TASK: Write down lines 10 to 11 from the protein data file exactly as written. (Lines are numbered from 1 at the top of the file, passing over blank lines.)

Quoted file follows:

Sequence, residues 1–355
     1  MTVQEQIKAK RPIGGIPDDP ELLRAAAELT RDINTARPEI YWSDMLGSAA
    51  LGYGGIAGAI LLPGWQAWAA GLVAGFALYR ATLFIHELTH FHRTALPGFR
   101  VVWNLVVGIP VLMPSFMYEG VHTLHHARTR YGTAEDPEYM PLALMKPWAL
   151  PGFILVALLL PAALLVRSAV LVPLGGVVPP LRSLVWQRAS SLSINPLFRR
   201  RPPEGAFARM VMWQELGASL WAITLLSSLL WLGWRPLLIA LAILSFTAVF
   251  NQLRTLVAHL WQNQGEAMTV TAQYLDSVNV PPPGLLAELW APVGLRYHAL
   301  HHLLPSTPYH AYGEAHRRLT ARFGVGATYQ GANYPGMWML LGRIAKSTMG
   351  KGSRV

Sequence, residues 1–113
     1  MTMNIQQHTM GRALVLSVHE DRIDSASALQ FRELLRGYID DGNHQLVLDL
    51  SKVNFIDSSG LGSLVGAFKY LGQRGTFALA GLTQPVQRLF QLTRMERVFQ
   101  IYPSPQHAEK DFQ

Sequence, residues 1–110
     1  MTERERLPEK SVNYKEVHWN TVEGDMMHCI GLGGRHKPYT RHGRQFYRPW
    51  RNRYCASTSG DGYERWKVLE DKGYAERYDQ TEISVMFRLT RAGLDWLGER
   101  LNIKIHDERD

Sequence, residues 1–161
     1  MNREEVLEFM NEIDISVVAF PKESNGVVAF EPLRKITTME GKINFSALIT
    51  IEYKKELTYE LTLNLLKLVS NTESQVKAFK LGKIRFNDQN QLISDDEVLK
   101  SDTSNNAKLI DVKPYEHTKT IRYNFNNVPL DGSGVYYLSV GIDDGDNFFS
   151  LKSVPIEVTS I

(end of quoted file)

Sequence, residues 1–113
     1  MTMNIQQHTM GRALVLSVHE DRIDSASALQ FRELLRGYID DGNHQLVLDL